Mazurek, E. v. Russell, J. (opinion)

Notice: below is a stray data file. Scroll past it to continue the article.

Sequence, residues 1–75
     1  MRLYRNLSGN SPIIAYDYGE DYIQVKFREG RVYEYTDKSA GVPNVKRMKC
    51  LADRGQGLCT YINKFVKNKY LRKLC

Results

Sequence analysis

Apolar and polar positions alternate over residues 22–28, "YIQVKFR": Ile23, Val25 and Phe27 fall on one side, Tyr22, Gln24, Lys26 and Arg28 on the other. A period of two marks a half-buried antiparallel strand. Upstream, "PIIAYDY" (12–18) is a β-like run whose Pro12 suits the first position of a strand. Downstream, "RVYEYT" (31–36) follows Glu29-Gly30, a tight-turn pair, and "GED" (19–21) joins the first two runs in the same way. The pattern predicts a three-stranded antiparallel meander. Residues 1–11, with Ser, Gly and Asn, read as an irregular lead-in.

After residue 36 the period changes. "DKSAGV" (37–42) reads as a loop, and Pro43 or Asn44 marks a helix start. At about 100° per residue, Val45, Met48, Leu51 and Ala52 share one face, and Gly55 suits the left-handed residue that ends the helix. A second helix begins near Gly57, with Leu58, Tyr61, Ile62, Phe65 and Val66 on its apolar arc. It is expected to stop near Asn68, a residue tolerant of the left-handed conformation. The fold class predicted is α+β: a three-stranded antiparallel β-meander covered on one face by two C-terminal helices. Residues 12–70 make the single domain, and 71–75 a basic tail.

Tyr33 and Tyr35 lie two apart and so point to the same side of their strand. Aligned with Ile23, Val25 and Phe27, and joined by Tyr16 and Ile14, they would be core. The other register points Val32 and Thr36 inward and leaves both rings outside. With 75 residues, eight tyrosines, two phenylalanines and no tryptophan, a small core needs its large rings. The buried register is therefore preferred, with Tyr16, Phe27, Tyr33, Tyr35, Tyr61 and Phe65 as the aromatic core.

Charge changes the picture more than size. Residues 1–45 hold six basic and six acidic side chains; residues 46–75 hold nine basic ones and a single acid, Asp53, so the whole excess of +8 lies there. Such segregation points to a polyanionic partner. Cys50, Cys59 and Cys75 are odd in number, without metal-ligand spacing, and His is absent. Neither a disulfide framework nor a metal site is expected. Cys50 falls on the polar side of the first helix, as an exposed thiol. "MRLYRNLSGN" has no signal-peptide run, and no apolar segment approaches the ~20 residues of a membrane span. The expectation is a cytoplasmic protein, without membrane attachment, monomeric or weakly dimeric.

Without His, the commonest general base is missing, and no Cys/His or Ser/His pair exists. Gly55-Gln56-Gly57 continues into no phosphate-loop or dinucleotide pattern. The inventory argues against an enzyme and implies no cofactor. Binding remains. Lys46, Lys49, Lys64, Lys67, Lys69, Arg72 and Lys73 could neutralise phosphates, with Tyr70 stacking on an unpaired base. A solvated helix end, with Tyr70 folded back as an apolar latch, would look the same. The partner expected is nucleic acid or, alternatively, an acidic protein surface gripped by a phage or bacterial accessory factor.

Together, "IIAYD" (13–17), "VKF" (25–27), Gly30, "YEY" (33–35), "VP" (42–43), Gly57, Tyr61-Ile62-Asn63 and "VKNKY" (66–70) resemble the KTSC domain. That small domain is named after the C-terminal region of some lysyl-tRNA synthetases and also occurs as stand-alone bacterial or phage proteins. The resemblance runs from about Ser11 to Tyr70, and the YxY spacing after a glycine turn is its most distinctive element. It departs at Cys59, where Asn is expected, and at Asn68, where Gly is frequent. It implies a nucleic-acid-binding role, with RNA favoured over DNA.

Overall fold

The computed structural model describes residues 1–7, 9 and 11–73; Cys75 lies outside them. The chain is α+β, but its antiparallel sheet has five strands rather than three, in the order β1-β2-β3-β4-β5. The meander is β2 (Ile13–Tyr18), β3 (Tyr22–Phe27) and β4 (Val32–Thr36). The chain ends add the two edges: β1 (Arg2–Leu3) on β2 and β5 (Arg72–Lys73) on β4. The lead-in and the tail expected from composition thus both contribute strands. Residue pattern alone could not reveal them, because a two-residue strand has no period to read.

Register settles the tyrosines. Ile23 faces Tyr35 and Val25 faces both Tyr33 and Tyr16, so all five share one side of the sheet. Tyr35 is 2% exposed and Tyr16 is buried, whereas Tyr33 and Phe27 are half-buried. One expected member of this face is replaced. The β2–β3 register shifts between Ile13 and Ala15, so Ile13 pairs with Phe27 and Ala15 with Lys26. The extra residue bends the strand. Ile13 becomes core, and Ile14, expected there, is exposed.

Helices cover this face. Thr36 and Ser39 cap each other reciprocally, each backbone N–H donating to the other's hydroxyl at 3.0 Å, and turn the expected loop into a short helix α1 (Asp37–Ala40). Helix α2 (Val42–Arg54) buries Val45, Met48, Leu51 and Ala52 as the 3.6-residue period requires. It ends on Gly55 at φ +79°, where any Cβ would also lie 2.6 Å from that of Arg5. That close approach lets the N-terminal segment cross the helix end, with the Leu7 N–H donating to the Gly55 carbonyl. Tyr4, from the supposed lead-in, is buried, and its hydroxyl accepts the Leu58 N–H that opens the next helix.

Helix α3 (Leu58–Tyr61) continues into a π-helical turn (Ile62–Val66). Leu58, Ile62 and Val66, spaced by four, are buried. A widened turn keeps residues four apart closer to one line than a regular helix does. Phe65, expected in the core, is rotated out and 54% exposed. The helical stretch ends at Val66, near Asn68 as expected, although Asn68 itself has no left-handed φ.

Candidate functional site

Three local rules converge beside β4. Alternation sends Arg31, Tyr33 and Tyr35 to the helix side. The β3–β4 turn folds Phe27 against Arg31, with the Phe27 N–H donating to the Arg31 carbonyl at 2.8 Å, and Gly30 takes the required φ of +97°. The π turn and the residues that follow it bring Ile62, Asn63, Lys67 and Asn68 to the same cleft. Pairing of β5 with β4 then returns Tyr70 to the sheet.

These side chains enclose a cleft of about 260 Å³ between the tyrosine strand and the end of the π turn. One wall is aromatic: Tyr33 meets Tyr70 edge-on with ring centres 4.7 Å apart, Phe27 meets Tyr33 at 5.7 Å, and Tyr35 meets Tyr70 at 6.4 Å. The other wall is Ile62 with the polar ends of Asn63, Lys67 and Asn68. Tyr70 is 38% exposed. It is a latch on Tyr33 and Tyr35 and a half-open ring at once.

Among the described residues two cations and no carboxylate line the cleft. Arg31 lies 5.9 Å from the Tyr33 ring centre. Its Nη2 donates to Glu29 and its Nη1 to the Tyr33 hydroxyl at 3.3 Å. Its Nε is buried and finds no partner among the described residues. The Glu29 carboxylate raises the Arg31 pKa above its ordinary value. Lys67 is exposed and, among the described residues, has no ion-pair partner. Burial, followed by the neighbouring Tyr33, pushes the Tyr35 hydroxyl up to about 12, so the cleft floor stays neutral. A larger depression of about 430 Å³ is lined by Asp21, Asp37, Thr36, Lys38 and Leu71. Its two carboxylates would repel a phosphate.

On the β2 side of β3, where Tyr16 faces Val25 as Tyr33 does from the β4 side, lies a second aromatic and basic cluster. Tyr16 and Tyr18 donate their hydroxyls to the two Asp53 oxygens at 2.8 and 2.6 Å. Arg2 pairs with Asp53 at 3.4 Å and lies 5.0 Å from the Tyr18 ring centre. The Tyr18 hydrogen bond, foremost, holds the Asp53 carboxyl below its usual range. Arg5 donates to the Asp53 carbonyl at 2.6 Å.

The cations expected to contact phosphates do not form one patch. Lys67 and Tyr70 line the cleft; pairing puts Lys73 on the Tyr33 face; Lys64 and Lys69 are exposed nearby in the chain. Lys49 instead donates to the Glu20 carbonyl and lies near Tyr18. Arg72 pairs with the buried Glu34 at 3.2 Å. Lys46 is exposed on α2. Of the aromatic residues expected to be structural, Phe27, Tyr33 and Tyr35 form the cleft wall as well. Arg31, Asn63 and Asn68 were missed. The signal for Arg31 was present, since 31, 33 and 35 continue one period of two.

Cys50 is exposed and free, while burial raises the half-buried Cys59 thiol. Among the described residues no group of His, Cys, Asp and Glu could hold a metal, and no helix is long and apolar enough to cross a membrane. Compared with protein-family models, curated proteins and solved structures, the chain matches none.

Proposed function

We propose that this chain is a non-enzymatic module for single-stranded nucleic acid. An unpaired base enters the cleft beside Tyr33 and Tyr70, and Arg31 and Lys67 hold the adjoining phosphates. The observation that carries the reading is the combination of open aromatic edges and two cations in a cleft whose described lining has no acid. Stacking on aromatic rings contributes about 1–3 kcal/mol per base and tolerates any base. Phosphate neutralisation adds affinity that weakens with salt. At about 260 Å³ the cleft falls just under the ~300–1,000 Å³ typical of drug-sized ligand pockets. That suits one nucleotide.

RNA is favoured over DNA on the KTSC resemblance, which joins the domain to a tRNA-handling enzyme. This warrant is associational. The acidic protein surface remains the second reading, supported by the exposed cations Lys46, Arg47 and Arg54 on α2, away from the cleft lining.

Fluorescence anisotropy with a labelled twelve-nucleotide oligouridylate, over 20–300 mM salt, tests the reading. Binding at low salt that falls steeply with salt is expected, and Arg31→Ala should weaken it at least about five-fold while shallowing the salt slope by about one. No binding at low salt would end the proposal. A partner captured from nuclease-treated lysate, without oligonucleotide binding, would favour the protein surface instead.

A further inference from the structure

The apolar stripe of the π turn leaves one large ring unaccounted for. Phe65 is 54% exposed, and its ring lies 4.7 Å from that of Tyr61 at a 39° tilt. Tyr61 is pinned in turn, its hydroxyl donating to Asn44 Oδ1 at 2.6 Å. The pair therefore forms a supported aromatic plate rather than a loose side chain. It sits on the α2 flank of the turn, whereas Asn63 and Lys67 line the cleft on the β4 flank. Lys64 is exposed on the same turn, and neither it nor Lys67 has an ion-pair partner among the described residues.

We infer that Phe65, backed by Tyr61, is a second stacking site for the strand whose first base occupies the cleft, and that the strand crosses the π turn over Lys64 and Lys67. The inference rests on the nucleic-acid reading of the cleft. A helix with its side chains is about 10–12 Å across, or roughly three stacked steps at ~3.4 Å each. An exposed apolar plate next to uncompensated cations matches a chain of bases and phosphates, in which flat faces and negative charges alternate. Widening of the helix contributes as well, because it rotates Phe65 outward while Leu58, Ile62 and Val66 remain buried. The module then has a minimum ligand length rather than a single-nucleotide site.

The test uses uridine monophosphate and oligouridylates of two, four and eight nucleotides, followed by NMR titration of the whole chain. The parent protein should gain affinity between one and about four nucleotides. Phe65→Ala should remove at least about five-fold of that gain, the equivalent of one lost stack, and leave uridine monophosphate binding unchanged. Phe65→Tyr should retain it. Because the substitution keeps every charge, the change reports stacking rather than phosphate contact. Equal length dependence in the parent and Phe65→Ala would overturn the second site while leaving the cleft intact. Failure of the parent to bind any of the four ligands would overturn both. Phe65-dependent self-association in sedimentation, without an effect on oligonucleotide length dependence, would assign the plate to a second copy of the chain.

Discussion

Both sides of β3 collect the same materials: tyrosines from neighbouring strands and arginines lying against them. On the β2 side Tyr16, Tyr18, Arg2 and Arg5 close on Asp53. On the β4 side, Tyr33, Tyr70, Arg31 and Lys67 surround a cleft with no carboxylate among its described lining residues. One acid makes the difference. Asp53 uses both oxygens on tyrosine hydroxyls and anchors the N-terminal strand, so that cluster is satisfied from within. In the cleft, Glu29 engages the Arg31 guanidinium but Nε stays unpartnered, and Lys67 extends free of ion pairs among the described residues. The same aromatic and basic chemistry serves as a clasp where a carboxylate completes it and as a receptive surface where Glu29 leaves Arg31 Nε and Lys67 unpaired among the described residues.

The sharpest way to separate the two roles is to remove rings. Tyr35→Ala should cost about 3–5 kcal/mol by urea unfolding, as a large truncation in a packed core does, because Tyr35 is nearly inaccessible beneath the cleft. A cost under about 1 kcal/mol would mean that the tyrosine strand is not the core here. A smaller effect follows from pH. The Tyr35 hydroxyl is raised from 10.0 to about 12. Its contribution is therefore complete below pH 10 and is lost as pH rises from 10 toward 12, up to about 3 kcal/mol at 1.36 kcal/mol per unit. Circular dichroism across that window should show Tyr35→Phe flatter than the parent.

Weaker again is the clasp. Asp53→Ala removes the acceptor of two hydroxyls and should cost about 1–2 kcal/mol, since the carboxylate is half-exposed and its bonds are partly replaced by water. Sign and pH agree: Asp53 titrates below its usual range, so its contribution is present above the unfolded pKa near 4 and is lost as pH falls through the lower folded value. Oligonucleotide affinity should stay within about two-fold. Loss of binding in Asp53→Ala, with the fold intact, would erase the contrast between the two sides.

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J-A13040-14 2014 PA Super 130 EDWARD S. MAZUREK, IN THE SUPERIOR COURT OF PENNSYLVANIA Appellant v. JOANNE R. RUSSELL, Appellee No. 2580 EDA 2013 Appeal from the Order entered August 6, 2013, in the Court of Common Pleas of Montgomery County, Family Court, at No(s): 2008-14339 BEFORE: ALLEN, MUNDY, and JENKINS, JJ. OPINION BY ALLEN, J.: Edward S. Mazurek FILED JUNE 24, 2014 pro se1 from the order granting the Petition for Contempt of Property Settlement Regarding Undergraduate Father and Mother are the divorced parents of four children. On April 20, 2010, provides: 14. Undergraduate Education. 14.1 undergraduate institutions as are reasonable and appropriate for the Children, with the pa consent shall not be unreasonably withheld. In addition to the other payments set forth in this Agreement, [Father] shall pay one hundred percent (100%) of the reasonable expenses ____________________________________________ 1 Father is an attorney. J-A13040-14 associated with the Children attending such institutions. Such expenses shall include, but not necessarily be limited to, all reasonable test and application fees, tuition costs, fees, room 14.2 Contractual Obligation. The payments provided for in this Paragraph 14 are not to be considered in the nature of child support and, as such, shall not be modifiable. This obligation for [Father] to pay the expenses under this Paragraph 14 shall be considered contractual in nature, and shall not be governed by case law or the Pennsylvania Rules of Civil Procedure. PSA, 4/20/10, at 30-31 (emphasis supplied).2 On July 8, 2013, Mother filed an Emergency Petition for Contempt of Property Settlement Regarding Undergraduate Expenses incurred by the partie Manhattan College in New York City. Father filed a Response in Opposition Regarding Undergraduate Expenses on July 11, 2013. consented to Luke attending Marymount Manhattan College and that consent esponse in Opposition, 7/11/13, at ____________________________________________ 2 In Pennsylvania, parents do not have a legal obligation to pay for their by contract. Mackay v. Mackay, 984 A.2d 529, 533 (Pa. Super. 2009). -2- J-A13040-14 Id. at 3. NOT consent to Luke attending Father for withholding my unconditional consent in that regard Id. at 4. Father incorporated and referenced a June 24, 2013 email he sent Id. at 6. Id. Father then explained that he would pay for Marymount Manhattan College if the estrangement ended, if Father was would maintain a 3.0 grade point average, and if Luke not take his car to college in New York City. Id. at 6-7. Father continued to aver that he did See id. at 7-9. Our review of the record indicates that Father attached two email exhibits to his response in opposition. The first email, from Father to Luke, dated May 2, 2013, reads as follows: Since you have not included me in, or kept me informed of, anything having to do with your college application process or -3- J-A13040-14 college selection process, I want you to know my thoughts on your decision to send a deposit to Manhattan Marymount. I do not believe Manhattan Marymount is a good choice for you, even among the schools to which you have been accepted of this assessment sum, it is not worth $50,000 per year $200,000 for four especially where you have other better choices, and would have had even more better choices had you included me in the application process. That is a fact. That being the case, I believe Emerson would be an excellent place for you, assuming, of course, that you are genuinely (Hundreds of thousands of dollars should not be wasted on poor or mediocre performance.) But, you have not been accepted or rejected by Emerson yet, and remain on the wait list. I have been imploring you in emails and text messages to please call me to undertake immediately a strategy consisting of concrete actions to gain admittance to Emerson from the wait list. To date, you have completely ignored me. Because of the urgency and critical importance of this matter, I am imploring you again. Please call or text or email me with a time to meet to discuss what we have to do to gain your admittance into Emerson. I cannot do it without your input and participation. It would be foolish to spurn me in this life-changing situation because I can guarantee that your chances will be exponentially better with my involvement. Please call me ASAP. Love, Dad Response in Opposition, 7/11/13, Exhibit A. Approximately two months later, in an email sent to Mother dated June 24, 2013, Father wrote: On the matter of Luk Since Luke is no longer at the Prep [high school], I do not have an email address for him, so please forward this email to him if you deem it appropriate. -4- J-A13040-14 nt Agreement, you agreed to cooperate with me in connection with have been unwilling to cooperate with me, I had no role in the selection of suitable colleges to which he should have applied. Likewise, I had no role in the selection of the school he plans to performance at the Prep, these were decisions in which I should have clearly been involved as his Father, especially if you or he estrangement] changes immediately and Luke has me back in is absurd to exp Additionally, if Luke wants me to pay for his college, Luke will have to agree in writing when he turns 18 to waive any privacy rights he has under FERPA to permit me full and direct access to his college records. I have no intention of having a repeat progress without having the ability directly and immediately to verify his status and pr determine whether Luke is meeting acceptable standards of academic performance sufficient to justify having me continue to pay the extremely high cost of over $50,000 a year for his college. Luke is an exceptionally bright boy much brighter than his lackluster grades reflect. Luke is able to dominate academically at Manhattan Marymount and I hope to God he does. By dominate, I mean the summa cum laude range of 3.75+ GPA. But, whether he academically dominates or not, he will have to maintain an absolute minimum GPA of 3.0 and satisfy all other academic requirements in each and every semester for me to continue to pay for such an extremely expensive school. This standard is lower than many colleges part through scholarships. For Luke to maintain the scholarship I am effectively being asked to provide him, he will have to maintain the decidedly reasonable academic standards that I have established. Finally, Luke will not be permitted to have his car at college. He does not need it, it will be a distraction from his academic life, -5- J-A13040-14 and it creates a high risk of huge wasteful expenses in parking tickets and impoundment and towing fees in New York City. I am trying to get the money for his first semester. Because neither you nor he has communicated with me in any way, shape or form about a single detail of the expenses you expect me to pay, I have no idea what amount will be due or when it is semester by this summer, I cannot guarantee that I will have it in which case Luke will have to take out a loan that I will re-pay when I get the money, assuming that all of the foregoing Response in Opposition, 7/11/13, Exhibit B. The trial court convened a hearing on July 29, 2013. Father testified his consent for Luke to attend Marymount Manhattan College. N.T., 7/29/13, at 5-6, 16-17. Father reiterated that his consent was contingent Father access to his college grades and academic records; maintaining a 3.0 grade point average; and not taking his car to college in New York City. Id. at 6-10. petition, finding Father in contempt of the PSA, and directing Father to pay Father and the trial court have complied with Pa.R.A.P. 1925. In his Pa.R.A.P. 1925(b) statement, Father included in his six asserted errors four of the errors he presents to th App. P. 1925(b)(4)(vi), to the extent this Statement has identified errors in -6- J-A13040-14 general terms, that is because [Father] cannot readily discern the basis for rrors Complained of on Appeal, 9/6/13, at 1. Additionally, Father asserted: Because of the non-specificity of the ruling complained of on appeal, [Father] reserves the right to seek leave to file a supplemental Statement to clarify his position in response to the See official note to Pa. R. App. P. 1925(b)(4). Id. at n.1. In its November 7, 2013 opinion, the trial court countered that pu -18. Despite its alleged errors. Id. Our review of the record indicates that Father did not seek leave to file a supplemental Pa.R.A.P. 1925(b) statement. A concise statement must be specific enough for the trial court to identify and address each issue the appellant wishes to raise on appeal. See In re A.B., 63 A.3d 345, 350 (Pa. Super. 2013). Because we find that concise statement was sufficiently specific, and we readily waiver assessment. In re A.B., supra; see also Jarl Investments, L.P. v. Fleck, 937 A.2d 1113, 1119-1120 (Pa. Super. 2007) (addressing distinguishable). Father presents four issues for our review: -7- J-A13040-14 1. 2013 Emergency Petition for Contempt of Property Settlement Agreement Regarding Undergraduate Expenses. 2. 3. Whether the trial court erred in ordering [Father] to pay, within ten (10) Marymount Manhattan College and $700.00 to [Mother]. 4. Whether the trial court erred in ordering [Father] to pay, fees in the amount of $7,577.00. F merit to F remaining two issues are rendered moot. not be disturbed absent an abuse of discretion. Guadagnino v. Montie, 646 A.2d 1257, 1259 (Pa. Super. 1994). This Court will not find an abuse of discretion simply for an error of judgment. Rather, it is an abuse of discretion when the trial court either overrides or misapplies the law, its judgment is manifestly unreasonabl decision is the result of partiality, prejudice, bias or ill will. Holderman v. Hagner, 760 A.2d 1189, 1192 (Pa. Super. 2000). -8- J-A13040-14 merged into their divorce decree. See property settlement agreement did not merge into the divorce decree, it stands as a separate contract, is subject to the law governing contracts, and Crispo v. Crispo, 909 A.2d 308, 312-313 (Pa. Super. 2006) (citation omitted). Private support agreements are subject to contract principles and are enforceable in an action at law for damages or in equity for specific performance. Stamerro v. Stamerro, 889 A.2d 1251, 1257 (Pa. Super. Id. standard of review over questions of law is de novo and to the extent necessary, the scope of our review is plenary as [the appellate] court may Id. (citation omitted). This plain meaning under the guise of Little v. Little, 657 A.2d 12, 15 (Pa. Super. 1995) (citation omitted). When a contract is free from ambiguity, the court must interpret the contract as written. Tuthill v. Tuthill, 763 A.2d 417, 420 (Pa. Super. 2000) (en banc). Conversely, we have explained: Where the contract terms are ambiguous, however, the court is free to receive extrinsic evidence to resolve the ambiguity. -9- J-A13040-14 A contract will be found to be ambiguous only if it is fairly susceptible of different constructions and capable of being understood in more than one sense. It is the function of the court to decide, as a matter of law, whether the contract terms are clear or ambiguous. The fact that the parties have different interpretations of a contract does not render the contract ambiguous. Id. examine the surrounding circumstances i.e., extrinsic or parol evidence to Lower v. Lower, 584 A.2d 1028, 1031 (Pa. Super. 1991) (citation omitted). Based on the foregoing, and our de novo standard and plenary scope ge expenses. undergraduate institutions as are reasonable and appropriate for the Children, consent shall not be unreasonably withheld. In addition to the other payments set forth in this Agreement, [Father] shall pay one hundred percent (100%) of the reasonable expenses associated with the Children attending such institutions. Such expenses shall include, but not necessarily be limited to, all reasonable test and application fees, tuition costs, fees, room PSA, 4/20/10, at 30 (emphasis added). Id. We susceptible of different constructions and capable of being understood in - 10 - J-A13040-14 Tuthill, supra persuasive as extrinsic and parol evidence. Lower, supra. At the hearing, Father agreed that he is required to pay for the p -6. Marymount Manhattan College. Id Father access to academic records, maintain a 3.0 grade point average, and not have a car in New York City as justification for reasonably withholding his consent to pay for undergraduate expenses. Id. at 6-7, 9- tions precedent. Those are the reasons why I am withholding my consent from Id. at 7. educations. tended Fordham Id Id. at 10. undergraduate expenses, Father testified: FATHER: not trying to evade my financial obligations and have background testimony so that the court can be ass - 11 - J-A13040-14 THE COURT: All right. I will overrule the objection. FATHER: their private educational expenses for 19 years, 18 years, 15 years and 13 years respectively so far and Id important because it demonstrates the reasonableness of my withholding Id. at 15. Father explained that he paid $50,000 a year for his oldest child to attend Williams College, and $50,000 a year for his second child to attend Fordham University. Id. at 28. Furthermore, Father cited the Merriam Webster dictionary definition of not Id. at 30-31. Father continued: [Luke] has not been a good [high school] student. I need to monitor his progress so that I can insure and stay on top of him that he does not squander this tremendous opportunity that is afforded to him. *** Your Honor, I keep going back to the contract, and you are assessment, it is the contract that governs. And so [Mother] has to prove that my consent is being unreasonably withheld. Is it had anything to do with me in five years? Is it unreasonable that I would not be able to monitor his academic progress in want him to maintain a crummy B average where tuition is $50,000 a year? Is this court going to tell me that a person is unreasonable for holding those convictions? - 12 - J-A13040-14 *** [Mother and I] left the [PSA] open-ended, Your Honor, because circumstances arise. Th who has kids knows that a lot of stuff can happen with kids over So circumstances are now that I am not willing to consent to having this kid go to college wh going to maintain at least a 3.0 average. Is this court going to Id. at 34-35. Father added: And I am a father. I am not some litigant. I am a father, and I doing what I can to stop this estrangement, monitoring his academic progress, and ensuring that he maintain academic standards. hy I am withholding my consent that he attend Marymount or anyplace else unless those conditions are met because I am his father. Id. at 40. Id. at 16-17. He explained: [Manhattan Marymount] is an extremely expensive school. All in for me to expect a student to maintain a minimum B average for the day, $200,000. Id. at 19. - 13 - J-A13040-14 Father was the sole witness to testify at the hearing; Mother did not testify nor did she present any witnesses. Again, the parties contracted for The record evidence is unequivocal that Father indeed offered a reasonable explanation for withholding his consent. In the factually similar case of Fina v. Fina, 737 A.2d 760 (Pa. Super. Fina filed a petition for special and contempt agai was incorporated but not merged into the divorce degree. In relevant part, the agreement provided: [Father] agrees to be responsible for twenty-five (25%) percent of the cost of the college tuition and expenses of each minor child, if consulted concerning the choice of an undergraduate school and provided he agrees thereto, which agreement shall not be unreasonably withheld. Id. at 762, 766 (emphasis supplied). The evidentiary hearings in Fina establ Id. at 766- - 14 - J-A13040-14 we explained: As paragraph 14(b) indicates, [mother] and [daughter] had an indicates that this obligation was not met. Thus, the trial court claim for reimbursement of 25% of Id. at 767. In Fina Id. at 762, 766. Similarly, the parties in the present case which consent shall not be unreasonably withheld. In contrast, we found a father to be obligated to pay for college expenses in Wineburgh v. Wineburgh, 816 A.2d 1105 (Pa. Super. 2002), but not merged into the divorce decree, provided for the father to pay 100% h regards to the college have the right to approve or disapprove a particular college but will exercise Id. at 1106. Again, the Wineburgh family situation was one in which it was undisputed that the child matriculating to college did not communicate with the father, who learned that the son was attending community college when the father appeared in - 15 - J-A13040-14 court for a child support conference. Id. In applying contract principles, the panel in Wineburgh Fina Id. at 1109. Wineburgh Id. Upon review, we align our decision with that of Fina, and are comp mutually consent which consent shall We cannot ignore the significance of this language to which the parties contracted. We are further persuaded by the extrinsic and parol evidence presented by Father regarding whether his The record in this case could not be clearer. Through his pleadings and testimony of record, Father evinced a Marymount Manhattan College. Father explained that he withheld his ollowing - 16 - years of J-A13040-14 Mindful of our de novo standard of review and plenary scope of review, rial the trial court abused its discretion because, ironically, it exercised its . McMullen v. Kutz, 925 A.2d 832, 833-834 issue for decision, it misapplies the law, exercises its discretion in an Accordingly, we reverse the August 6, 2013 order finding Father in contempt and requiring his payment of undergraduate expenses and counsel fees. Order reversed. Jurisdiction relinquished. Judge Jenkins files a Concurring Statement. Judgment Entered. Joseph D. Seletyn, Esq. Prothonotary Date: 6/24/2014 - 17 -